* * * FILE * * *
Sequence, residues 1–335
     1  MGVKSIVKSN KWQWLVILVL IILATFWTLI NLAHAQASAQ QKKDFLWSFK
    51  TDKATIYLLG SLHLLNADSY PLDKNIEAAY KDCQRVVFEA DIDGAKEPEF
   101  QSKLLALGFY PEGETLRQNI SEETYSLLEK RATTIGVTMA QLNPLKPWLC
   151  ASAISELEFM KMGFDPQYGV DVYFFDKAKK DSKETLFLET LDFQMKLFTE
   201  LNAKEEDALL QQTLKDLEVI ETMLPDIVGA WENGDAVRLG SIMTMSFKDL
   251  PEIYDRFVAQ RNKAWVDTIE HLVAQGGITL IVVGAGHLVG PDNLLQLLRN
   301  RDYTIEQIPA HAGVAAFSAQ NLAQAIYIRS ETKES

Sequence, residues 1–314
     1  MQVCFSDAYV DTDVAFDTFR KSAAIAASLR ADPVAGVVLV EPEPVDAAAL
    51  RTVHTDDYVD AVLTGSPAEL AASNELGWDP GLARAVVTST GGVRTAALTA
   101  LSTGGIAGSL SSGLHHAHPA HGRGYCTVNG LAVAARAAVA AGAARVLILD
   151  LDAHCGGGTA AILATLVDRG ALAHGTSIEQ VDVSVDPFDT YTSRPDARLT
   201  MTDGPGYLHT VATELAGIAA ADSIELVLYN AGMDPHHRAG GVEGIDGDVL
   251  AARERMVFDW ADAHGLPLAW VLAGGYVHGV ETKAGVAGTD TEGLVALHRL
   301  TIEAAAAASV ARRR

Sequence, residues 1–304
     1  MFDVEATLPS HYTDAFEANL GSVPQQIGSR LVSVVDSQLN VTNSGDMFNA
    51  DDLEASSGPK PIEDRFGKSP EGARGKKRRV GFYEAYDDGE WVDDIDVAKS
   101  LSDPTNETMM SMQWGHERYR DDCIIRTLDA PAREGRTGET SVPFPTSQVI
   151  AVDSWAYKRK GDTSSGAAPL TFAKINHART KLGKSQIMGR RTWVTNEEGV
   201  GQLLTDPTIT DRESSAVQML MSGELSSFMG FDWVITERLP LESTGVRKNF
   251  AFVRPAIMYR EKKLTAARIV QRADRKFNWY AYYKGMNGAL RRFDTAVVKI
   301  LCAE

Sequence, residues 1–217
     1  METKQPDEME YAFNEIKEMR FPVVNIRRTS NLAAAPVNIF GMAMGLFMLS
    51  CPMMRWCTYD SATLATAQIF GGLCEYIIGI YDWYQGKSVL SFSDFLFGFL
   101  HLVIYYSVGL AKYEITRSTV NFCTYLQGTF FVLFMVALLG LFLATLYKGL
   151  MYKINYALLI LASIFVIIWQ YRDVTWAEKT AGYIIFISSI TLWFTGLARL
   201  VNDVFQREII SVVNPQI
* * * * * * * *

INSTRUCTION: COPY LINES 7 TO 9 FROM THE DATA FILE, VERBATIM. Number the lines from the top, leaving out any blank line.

   251  PEIYDRFVAQ RNKAWVDTIE HLVAQGGITL IVVGAGHLVG PDNLLQLLRN
   301  RDYTIEQIPA HAGVAAFSAQ NLAQAIYIRS ETKES

Sequence, residues 1–314